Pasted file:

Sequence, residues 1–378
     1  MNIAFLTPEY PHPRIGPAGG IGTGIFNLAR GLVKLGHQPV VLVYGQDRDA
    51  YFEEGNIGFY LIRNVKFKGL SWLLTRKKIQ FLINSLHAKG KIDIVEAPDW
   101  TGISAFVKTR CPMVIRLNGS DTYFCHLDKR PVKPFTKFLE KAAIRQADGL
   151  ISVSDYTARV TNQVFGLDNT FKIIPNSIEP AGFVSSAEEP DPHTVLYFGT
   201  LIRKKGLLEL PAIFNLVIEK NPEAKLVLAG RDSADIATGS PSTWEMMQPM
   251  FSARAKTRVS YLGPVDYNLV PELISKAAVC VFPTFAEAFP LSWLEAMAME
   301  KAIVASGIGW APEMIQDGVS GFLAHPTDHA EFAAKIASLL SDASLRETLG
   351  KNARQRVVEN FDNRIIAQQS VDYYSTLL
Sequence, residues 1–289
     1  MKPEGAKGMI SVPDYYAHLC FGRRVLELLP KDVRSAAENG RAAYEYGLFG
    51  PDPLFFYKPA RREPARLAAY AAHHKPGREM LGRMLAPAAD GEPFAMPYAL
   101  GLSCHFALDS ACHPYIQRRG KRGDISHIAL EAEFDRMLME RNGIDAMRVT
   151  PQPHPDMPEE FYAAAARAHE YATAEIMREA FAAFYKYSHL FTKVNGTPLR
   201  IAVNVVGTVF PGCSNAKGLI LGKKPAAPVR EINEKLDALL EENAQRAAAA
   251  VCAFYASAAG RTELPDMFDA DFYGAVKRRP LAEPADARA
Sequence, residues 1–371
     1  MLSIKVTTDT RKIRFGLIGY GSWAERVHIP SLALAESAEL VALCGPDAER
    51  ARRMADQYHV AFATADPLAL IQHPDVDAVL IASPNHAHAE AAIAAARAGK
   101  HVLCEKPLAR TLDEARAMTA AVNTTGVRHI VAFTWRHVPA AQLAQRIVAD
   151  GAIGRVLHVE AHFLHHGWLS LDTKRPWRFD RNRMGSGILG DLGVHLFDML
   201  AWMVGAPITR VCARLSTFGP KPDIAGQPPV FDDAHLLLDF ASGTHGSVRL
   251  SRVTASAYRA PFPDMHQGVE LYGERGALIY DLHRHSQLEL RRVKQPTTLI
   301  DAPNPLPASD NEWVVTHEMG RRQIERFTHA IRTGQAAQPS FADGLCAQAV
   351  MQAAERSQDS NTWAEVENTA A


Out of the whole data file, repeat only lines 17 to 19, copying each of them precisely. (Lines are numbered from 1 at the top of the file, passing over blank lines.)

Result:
Sequence, residues 1–371
     1  MLSIKVTTDT RKIRFGLIGY GSWAERVHIP SLALAESAEL VALCGPDAER
    51  ARRMADQYHV AFATADPLAL IQHPDVDAVL IASPNHAHAE AAIAAARAGK